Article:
- Saw J, Mancini GB, Humphries K, et al. Angiographic appearance of spontaneous coronary artery dissection with intramural hematoma proven on intracoronary imaging. Catheter Cardiovasc Interv 2016; 87:E54.
- Alfonso F, Paulo M, Gonzalo N, et al. Diagnosis of spontaneous coronary artery dissection by optical coherence tomography. J Am Coll Cardiol 2012; 59:1073.
- Basso C, Morgagni GL, Thiene G. Spontaneous coronary artery dissection: a neglected cause of acute myocardial ischaemia and sudden death. Heart 1996; 75:451.
- Vijayaraghavan R, Verma S, Gupta N, Saw J. Pregnancy-related spontaneous coronary artery dissection. Circulation 2014; 130:1915.
- Eleid MF, Guddeti RR, Tweet MS, et al. Coronary artery tortuosity in spontaneous coronary artery dissection: angiographic characteristics and clinical implications. Circ Cardiovasc Interv 2014; 7:656.
- Saw J, Ricci D, Starovoytov A, et al. Spontaneous coronary artery dissection: prevalence of predisposing conditions including fibromuscular dysplasia in a tertiary center cohort. JACC Cardiovasc Interv 2013; 6:44.
- Saw J, Aymong E, Sedlak T, et al. Spontaneous coronary artery dissection: association with predisposing arteriopathies and precipitating stressors and cardiovascular outcomes. Circ Cardiovasc Interv 2014; 7:645.
- Tweet MS, Hayes SN, Pitta SR, et al. Clinical features, management, and prognosis of spontaneous coronary artery dissection. Circulation 2012; 126:579.
- Saw J, Poulter R, Fung A, et al. Spontaneous coronary artery dissection in patients with fibromuscular dysplasia: a case series. Circ Cardiovasc Interv 2012; 5:134.
- Michelis KC, Olin JW, Kadian-Dodov D, et al. Coronary artery manifestations of fibromuscular dysplasia. J Am Coll Cardiol 2014; 64:1033.
- Judge DP, Dietz HC. Marfan's syndrome. Lancet 2005; 366:1965.
- Adès LC, Waltham RD, Chiodo AA, Bateman JF. Myocardial infarction resulting from coronary artery dissection in an adolescent with Ehlers-Danlos syndrome type IV due to a type III collagen mutation. Br Heart J 1995; 74:112.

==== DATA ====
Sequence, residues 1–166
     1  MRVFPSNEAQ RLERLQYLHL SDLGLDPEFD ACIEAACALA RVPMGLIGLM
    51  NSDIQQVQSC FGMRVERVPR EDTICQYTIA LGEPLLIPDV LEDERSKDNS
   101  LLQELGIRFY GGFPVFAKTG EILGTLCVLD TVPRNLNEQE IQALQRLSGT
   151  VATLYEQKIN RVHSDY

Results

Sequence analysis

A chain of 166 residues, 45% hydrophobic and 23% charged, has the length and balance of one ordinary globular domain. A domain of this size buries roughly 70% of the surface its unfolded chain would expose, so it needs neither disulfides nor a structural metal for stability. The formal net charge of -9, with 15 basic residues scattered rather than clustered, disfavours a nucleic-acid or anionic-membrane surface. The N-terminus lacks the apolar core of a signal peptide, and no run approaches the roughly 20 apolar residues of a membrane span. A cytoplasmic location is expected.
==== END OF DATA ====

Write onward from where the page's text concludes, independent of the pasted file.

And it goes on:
- Mortensen KH, Thuesen L, Kristensen IB, Christiansen EH. Spontaneous coronary artery dissection: a Western Denmark Heart Registry study. Catheter Cardiovasc Interv 2009; 74:710.
- Nishiguchi T, Tanaka A, Ozaki Y, et al. Prevalence of spontaneous coronary artery dissection in patients with acute coronary syndrome. Eur Heart J Acute Cardiovasc Care 2016; 5:263.
- Saw J, Aymong E, Mancini GB, et al. Nonatherosclerotic coronary artery disease in young women. Can J Cardiol 2014; 30:814.
- Alfonso F, Paulo M, Lennie V, et al. Spontaneous coronary artery dissection: long-term follow-up of a large series of patients prospectively managed with a "conservative" therapeutic strategy. JACC Cardiovasc Interv 2012; 5:1062.
- Lempereur M, Gin K, Saw J. Multivessel spontaneous coronary artery dissection mimicking atherosclerosis. JACC Cardiovasc Interv 2014; 7:e87.
- DeMaio SJ Jr, Kinsella SH, Silverman ME. Clinical course and long-term prognosis of spontaneous coronary artery dissection. Am J Cardiol 1989; 64:471.
- Jorgensen MB, Aharonian V, Mansukhani P, Mahrer PR. Spontaneous coronary dissection: a cluster of cases with this rare finding. Am Heart J 1994; 127:1382.
- Roth A, Elkayam U. Acute myocardial infarction associated with pregnancy. Ann Intern Med 1996; 125:751.
- Saw J. Coronary angiogram classification of spontaneous coronary artery dissection. Catheter Cardiovasc Interv 2014; 84:1115.
- Tweet MS, Eleid MF, Best PJ, et al. Spontaneous coronary artery dissection: revascularization versus conservative therapy. Circ Cardiovasc Interv 2014; 7:777.
- Higgins GL 3rd, Borofsky JS, Irish CB, et al. Spontaneous peripartum coronary artery dissection presentation and outcome. J Am Board Fam Med 2013; 26:82.
- Vrints CJ. Spontaneous coronary artery dissection. Heart 2010; 96:801.
- Saw J. Spontaneous coronary artery dissection. Can J Cardiol 2013; 29:1027.
- Saw J, Sedlak T, Ganesh SK, et al. Cardiology patient page. Spontaneous coronary artery dissection (SCAD). Circulation 2015; 131:e3.
- Tweet MS, Gulati R, Hayes SN. What Clinicians Should Know Αbout Spontaneous Coronary Artery Dissection. Mayo Clin Proc 2015; 90:1125.